Adam laughs. ‘Mid-life crisis? That’s what every philanderer puts it down to. You’ll be buying a sports car next. That’ll impress Meredith.’
Cody bangs the table. Adam’s knife and fork bounce a little.
‘Enough! There is nothing going on between me and Meredith. I like Meredith and I have been very stupid, but you have to believe me when I say that Meredith has nothing to do with any of this.’
Adam picks up his plate and takes it to the sink.
‘I don’t care. Even if there is nothing going on, I have been totally humiliated. In front of the whole village!’
Cody puts his head in his hands.
‘I know, son. And I’m really sorry. I promise I’ll sort it out. I’ll go and see Meredith this morning and explain.’
‘You’ll do nothing of the sort, Cody Thornton.’ The voice is Agnes’s, who is standing in the doorway between the lounge and the kitchen, Cody’s overnight bag in her hand.
‘What are you doing?’ Cody looks at the bag, then Agnes, then Adam.
‘I’m doing nothing,’ says Agnes. ‘But you’re leaving. You can come for the rest of your stuff when you’ve found somewhere.’
Agnes drops the bag and goes back up the stairs.
‘Forget it, Dad. Just go.’
Ethel Lucas pours two cups of coffee and take them over to the couple sitting in the corner of the café.
‘Thanks, Ethel,’ says Linda Cross, sipping the froth off the top.
‘Can you do a heart, Ethel?’ asks Allen Gomez.
Ethel frowns. ‘A heart? What do you mean?’
‘In the froth. They do it in the artisan coffee shops. A heart. Or, a lotus flower.’
‘I don’t know anything about that. It’s just a cup of coffee.’ Ethel folds her arms, as if defending herself from modernity.
‘But, it’s not just coffee, Ethel. Not these days. How many different coffees do you do?’
Ethel looks up to the ceiling and taps her finger against her chin.
‘Now let me, see.’ She thinks for a moment. ‘Two. Black coffee, or white coffee.’
Allen and Linda laugh.
‘Four, if you count “with sugar, or without sugar”,’ adds Ethel, laughing too.
‘People don’t say “black coffee” these days, Ethel. It’s Americano,’ says Linda.
‘Then there’s latte, flat white, cappuccino, cortado…’
‘Piccolo,’ adds Allen, ‘and don’t forget all the syrups you can add.’
‘Well, I’m very black and white,’ says Ethel, ‘and that’s the way I do my coffee.’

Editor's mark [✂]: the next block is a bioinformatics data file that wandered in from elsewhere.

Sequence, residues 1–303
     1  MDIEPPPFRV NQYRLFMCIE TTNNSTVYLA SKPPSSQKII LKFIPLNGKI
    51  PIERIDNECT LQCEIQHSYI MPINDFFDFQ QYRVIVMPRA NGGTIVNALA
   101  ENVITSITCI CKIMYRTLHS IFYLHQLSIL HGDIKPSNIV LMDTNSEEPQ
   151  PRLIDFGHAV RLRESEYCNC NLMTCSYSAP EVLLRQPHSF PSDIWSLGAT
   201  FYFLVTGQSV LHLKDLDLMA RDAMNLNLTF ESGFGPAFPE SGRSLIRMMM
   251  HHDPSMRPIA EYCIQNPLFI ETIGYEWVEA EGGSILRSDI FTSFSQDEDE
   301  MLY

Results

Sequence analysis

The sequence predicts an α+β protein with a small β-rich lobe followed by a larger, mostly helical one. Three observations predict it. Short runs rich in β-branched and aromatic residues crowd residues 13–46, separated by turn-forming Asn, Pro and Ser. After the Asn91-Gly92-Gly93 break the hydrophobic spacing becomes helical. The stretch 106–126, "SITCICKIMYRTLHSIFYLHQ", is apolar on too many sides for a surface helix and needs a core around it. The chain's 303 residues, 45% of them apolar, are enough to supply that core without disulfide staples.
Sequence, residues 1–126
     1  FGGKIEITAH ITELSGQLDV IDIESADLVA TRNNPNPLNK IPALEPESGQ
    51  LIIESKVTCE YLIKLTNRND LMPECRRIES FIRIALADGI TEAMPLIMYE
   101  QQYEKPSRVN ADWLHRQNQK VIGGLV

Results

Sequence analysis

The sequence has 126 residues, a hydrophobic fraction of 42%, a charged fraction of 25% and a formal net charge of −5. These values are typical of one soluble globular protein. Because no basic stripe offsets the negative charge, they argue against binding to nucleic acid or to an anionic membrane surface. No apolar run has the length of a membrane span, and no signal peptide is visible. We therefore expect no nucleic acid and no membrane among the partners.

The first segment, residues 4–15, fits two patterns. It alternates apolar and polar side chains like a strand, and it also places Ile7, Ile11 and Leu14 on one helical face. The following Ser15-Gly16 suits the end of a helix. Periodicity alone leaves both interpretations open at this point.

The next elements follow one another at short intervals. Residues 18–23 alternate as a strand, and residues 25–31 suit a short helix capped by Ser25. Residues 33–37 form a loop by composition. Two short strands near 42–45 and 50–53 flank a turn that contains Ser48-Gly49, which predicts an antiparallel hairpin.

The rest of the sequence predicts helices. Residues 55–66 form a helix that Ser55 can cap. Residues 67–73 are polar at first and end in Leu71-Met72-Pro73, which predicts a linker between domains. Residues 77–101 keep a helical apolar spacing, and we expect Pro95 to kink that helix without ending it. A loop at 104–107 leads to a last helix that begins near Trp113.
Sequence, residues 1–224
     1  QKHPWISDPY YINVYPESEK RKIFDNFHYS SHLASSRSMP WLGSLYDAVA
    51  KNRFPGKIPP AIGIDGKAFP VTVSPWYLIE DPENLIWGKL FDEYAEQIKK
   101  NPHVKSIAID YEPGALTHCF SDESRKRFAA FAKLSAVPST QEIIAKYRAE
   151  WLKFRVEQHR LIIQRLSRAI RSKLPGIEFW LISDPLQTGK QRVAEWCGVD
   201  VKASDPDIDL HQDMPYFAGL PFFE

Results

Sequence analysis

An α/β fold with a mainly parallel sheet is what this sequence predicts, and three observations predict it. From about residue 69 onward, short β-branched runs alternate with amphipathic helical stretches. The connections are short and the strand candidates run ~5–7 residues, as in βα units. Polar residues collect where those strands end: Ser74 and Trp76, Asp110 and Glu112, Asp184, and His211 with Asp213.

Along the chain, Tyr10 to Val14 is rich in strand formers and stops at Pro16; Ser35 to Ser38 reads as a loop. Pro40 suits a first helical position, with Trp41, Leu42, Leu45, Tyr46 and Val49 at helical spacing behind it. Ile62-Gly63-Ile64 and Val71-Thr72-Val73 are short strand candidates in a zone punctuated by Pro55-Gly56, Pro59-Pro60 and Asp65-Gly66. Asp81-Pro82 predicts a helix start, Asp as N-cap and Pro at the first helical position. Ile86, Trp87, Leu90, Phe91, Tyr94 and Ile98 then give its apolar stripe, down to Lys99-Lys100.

She walks back to the counter, wondering whether she has been slightly ridiculed. She looks up at her menu. Tea, coffee, soft drinks, a very limited selection of sandwiches and some pies which she microwaves. Maybe she should offer more. Tastes change and she has noticed the drop in younger customers over the past couple of years. She has often walked past Tricia Ward’s sandwich shop and noticed the board outside advertising a whole selection of items that you would never think of putting between two slices of bread.
Allen and Linda are sharing a joke. Allen reaches for Linda’s hand. An unlikely couple, thinks Ethel, if indeed they are a couple, but they seem happy enough. Like her and Billy used to be, right until the end. How she wishes he were here now. What would he have to say about putting hearts on top of coffee froth? He wouldn’t even know what a lotus flower was. She smiles to herself as she remembers the day they first opened the café. Billy’s. He was so proud to have his name on a sign for the whole village to see. And, for many years, the café was at the heart of Leeford life. Now, there is just enough business for Ethel to get by, and she has to use her pension for extras. She sighs, heavily.
Allen and Linda finish their drinks and bring the empty cups over to Ethel.
‘Thanks,’ she says, wearily.
Linda looks at Allen.
‘We’re sorry, Ethel. We were only having a laugh. You know we love you,’ she says, patting Ethel’s arm across the counter.
‘I know you do, Linda,’ says Ethel. ‘And it’s lovely to see you and Allen so happy. You are a couple aren’t you, or do I have to deny I’ve seen you together?’
Allen laughs. ‘Could you really do that, Ethel?’
‘Hey, enough of your cheek, young man!’ says Ethel, winking at Linda.
‘Well, the coffee was lovely, Ethel, heart or no heart,’ says Allen.
‘That’ll be four pounds, then. I bet they charge an extra pound for the designer froth in those coffee shops you go to, eh?’ Ethel takes the money off Allen.
‘True, Ethel. Very true,’ says Linda.
Later that day, Allen and Linda are sitting in the kitchen.
‘You’ve been quiet this afternoon,’ says Linda. ‘What’s up?’
‘I’ve been thinking.’
‘About Ethel. There’s word on the street that she wants to sell the café.’
‘Well, what do you think of Allen’s Coffee Emporium?’
‘Never heard of it,’ says Linda.
Allen smiles. ‘Okay, what about Linda’s Espresso Bar?’
‘Hmm. Never heard of that either, but I like the sound of it!’